Y'know, indie rock has such an expansive background, covering so many
different musical territories, so many bands, and so many names, you
couldn't learn them all in a lifetime, even if people stopped putting
out new stuff tomorrow. And that's a goddamn pain in the ass, 'cause
while you're worried about keeping up with all the crap, you miss the
most important stuff without ever realizing it.
Such is the case with the Magnetic Fields. Until I made a conscious
effort to pursue their music, they were just another band in a sea of
bands (albeit one with a cool name). Then, tipped off by staff writer
and Pal of the Ages Jason Josephes (and, I have to admit, a raving entry
in Spin's "Alternative Record Guide"), I went out and purchased a copy
of Charm of the Highway Strip. It turned out to be one of the
most brilliant pop records I own... and I own a lot of brilliant pop
In anticipation of the band's forthcoming three- disc box set of
brand new music-- the aptly titled 69 Love Songs, due out
later this year-- Merge has reissued two classic Magnetic Fields
records, The House of Tomorrow EP, and what some folks consider
to be the band's classic, 1993's Holiday.
So what's it sound like? Well, that's where it gets fun. The
Magnetic Fields is-- except when touring-- almost solely frontman
Stephin Merritt's project. Merritt's instrumentation is comprised
only of a closetful of early Casio, Yamaha and other keyboards, which
he layers over one another, capturing a completely original sound. The
music is tinny, quirky, and pre-programmed to the core, while Merritt's
vocals are unusually deep-- like a more elegant Calvin Johnson.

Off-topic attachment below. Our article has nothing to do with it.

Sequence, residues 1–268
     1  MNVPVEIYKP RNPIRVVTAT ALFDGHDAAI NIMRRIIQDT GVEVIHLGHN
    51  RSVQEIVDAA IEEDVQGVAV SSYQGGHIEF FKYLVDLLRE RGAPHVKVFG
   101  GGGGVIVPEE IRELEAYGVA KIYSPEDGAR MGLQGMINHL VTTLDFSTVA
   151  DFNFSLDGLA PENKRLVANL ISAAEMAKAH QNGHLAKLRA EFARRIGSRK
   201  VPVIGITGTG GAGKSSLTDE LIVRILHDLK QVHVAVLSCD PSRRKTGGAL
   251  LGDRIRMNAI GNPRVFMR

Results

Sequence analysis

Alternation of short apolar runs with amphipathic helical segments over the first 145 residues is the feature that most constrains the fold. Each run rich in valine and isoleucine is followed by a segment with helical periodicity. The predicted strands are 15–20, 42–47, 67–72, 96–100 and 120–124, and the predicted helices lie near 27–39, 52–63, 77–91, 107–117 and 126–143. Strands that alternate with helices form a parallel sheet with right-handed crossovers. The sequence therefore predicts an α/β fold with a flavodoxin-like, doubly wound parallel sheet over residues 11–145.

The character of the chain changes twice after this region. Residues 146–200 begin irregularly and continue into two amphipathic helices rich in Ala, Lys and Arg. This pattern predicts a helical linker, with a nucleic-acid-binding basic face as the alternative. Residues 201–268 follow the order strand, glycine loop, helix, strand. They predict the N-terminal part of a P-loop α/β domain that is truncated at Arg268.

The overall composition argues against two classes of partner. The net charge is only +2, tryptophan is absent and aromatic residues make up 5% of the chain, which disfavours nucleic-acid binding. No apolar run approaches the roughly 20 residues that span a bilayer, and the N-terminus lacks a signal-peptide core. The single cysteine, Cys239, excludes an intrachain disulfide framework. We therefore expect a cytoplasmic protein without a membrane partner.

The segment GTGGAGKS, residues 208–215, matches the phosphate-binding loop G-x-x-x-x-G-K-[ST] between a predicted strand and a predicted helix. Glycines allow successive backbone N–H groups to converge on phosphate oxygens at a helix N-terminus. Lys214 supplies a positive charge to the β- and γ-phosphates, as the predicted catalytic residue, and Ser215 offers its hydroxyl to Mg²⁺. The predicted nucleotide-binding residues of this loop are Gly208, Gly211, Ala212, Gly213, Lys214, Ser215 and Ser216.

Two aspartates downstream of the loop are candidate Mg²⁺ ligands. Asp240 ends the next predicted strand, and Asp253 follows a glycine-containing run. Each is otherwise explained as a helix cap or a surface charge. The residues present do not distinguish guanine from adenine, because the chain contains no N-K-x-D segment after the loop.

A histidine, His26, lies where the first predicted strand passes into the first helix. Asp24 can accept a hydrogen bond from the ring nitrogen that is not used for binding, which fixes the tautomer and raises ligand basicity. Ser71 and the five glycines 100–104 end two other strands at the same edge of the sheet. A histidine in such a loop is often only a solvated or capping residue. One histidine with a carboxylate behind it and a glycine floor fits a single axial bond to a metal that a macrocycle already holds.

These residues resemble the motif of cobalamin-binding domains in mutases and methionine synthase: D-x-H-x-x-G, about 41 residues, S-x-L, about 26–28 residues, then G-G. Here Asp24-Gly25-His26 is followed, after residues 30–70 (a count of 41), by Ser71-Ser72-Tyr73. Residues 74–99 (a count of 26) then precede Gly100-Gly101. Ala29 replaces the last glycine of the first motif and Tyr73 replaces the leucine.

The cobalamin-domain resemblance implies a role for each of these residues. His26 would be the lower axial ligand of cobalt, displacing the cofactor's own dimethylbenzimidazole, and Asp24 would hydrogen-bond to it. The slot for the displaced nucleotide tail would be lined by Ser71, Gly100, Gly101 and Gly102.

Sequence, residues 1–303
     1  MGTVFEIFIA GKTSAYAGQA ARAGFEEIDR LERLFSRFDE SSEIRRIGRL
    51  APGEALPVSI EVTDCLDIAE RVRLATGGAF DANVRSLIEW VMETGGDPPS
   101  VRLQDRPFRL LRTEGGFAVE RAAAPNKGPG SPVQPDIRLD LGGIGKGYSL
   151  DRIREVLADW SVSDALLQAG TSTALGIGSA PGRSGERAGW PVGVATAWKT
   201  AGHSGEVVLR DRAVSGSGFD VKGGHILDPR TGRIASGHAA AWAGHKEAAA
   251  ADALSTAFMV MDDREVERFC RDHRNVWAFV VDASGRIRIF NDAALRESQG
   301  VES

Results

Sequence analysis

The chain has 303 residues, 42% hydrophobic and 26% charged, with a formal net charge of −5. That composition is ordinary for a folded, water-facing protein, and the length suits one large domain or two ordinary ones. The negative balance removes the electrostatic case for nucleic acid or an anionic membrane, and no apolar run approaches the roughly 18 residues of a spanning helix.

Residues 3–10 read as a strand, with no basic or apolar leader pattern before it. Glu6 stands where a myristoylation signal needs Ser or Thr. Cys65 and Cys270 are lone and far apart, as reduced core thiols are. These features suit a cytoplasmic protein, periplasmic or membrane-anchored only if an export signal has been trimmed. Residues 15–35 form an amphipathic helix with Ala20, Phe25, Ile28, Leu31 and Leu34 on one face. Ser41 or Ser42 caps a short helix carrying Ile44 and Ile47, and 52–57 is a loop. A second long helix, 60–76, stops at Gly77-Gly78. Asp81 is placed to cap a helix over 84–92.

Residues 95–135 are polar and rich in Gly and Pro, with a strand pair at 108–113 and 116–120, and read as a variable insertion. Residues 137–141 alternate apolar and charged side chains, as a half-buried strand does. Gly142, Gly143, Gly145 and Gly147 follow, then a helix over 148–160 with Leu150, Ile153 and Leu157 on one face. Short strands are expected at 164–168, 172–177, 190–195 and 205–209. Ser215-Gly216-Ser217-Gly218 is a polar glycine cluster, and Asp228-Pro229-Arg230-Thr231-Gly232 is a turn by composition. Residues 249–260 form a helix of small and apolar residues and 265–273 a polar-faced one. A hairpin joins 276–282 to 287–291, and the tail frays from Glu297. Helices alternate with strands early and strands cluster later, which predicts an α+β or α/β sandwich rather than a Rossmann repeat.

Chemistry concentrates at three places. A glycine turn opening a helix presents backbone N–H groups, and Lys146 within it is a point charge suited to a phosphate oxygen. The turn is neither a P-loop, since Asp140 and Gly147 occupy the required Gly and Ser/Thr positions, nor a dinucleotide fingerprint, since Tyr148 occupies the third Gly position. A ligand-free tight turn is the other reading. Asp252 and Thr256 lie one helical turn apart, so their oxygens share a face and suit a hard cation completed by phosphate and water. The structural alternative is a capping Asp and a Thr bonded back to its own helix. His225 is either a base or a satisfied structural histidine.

Holiday is definitely an inspired record-- the melodies are
poppy as hell, in Merritt's trademark Pet Shop Boys kinda way.
Songs like the slowed- down dance machine groove of "In My Secret
Place," the eloquent "The Flowers She Sent and the Flowers She Said
She Sent," and the amazing closer, "Take Ecstacy With Me" are
chunky pieces of catchy, glowing pop that stick in your head like
the gooey clumps of bubblegum they are.
Luckily, though, on both 1994's Charm of the Highway Strip and
1995's Get Lost, Merritt seems to have advanced in the lyrics
department. I mean, sure, the guy's still sappy as hell, but
that's all part of his appeal. Holiday, however, is
Merritt in Super Sappy Mode, with overly saccharine lyrics like,
"Our lips blue from cotton candy/ When we kiss it feels like a
flying saucer landing." The great thing about Merritt's lyrics,
though, is that he sometimes surprises with lines of striking
genius-- the line preceding the aforementioned lyric is, "On the
ferris wheel/ Looking out on Coney Island/ Under more stars than/
There are prostitutes in Thailand."
But even while the Magnetic Fields' records flounder lyrically,
you'll be preoccupied paying attention to the layers upon layers of
intricate keyboards and drum machines, and the band's shockingly
memorable melodies. I'm still sticking with Charm of the Highway
Strip for the band's best record. But if you've already
heard that one and you find yourself in need of a new sugar fix,
by all means, pick up Holiday.